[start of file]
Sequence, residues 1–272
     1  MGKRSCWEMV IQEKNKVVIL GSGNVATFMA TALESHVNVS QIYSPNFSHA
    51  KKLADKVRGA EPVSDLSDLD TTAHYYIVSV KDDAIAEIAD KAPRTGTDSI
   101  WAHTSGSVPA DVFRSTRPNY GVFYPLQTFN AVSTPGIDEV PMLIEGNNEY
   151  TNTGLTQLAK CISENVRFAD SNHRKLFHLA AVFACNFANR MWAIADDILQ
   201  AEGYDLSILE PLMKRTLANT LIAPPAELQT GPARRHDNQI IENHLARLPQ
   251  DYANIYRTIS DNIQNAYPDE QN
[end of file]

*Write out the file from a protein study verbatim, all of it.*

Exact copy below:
Sequence, residues 1–272
     1  MGKRSCWEMV IQEKNKVVIL GSGNVATFMA TALESHVNVS QIYSPNFSHA
    51  KKLADKVRGA EPVSDLSDLD TTAHYYIVSV KDDAIAEIAD KAPRTGTDSI
   101  WAHTSGSVPA DVFRSTRPNY GVFYPLQTFN AVSTPGIDEV PMLIEGNNEY
   151  TNTGLTQLAK CISENVRFAD SNHRKLFHLA AVFACNFANR MWAIADDILQ
   201  AEGYDLSILE PLMKRTLANT LIAPPAELQT GPARRHDNQI IENHLARLPQ
   251  DYANIYRTIS DNIQNAYPDE QN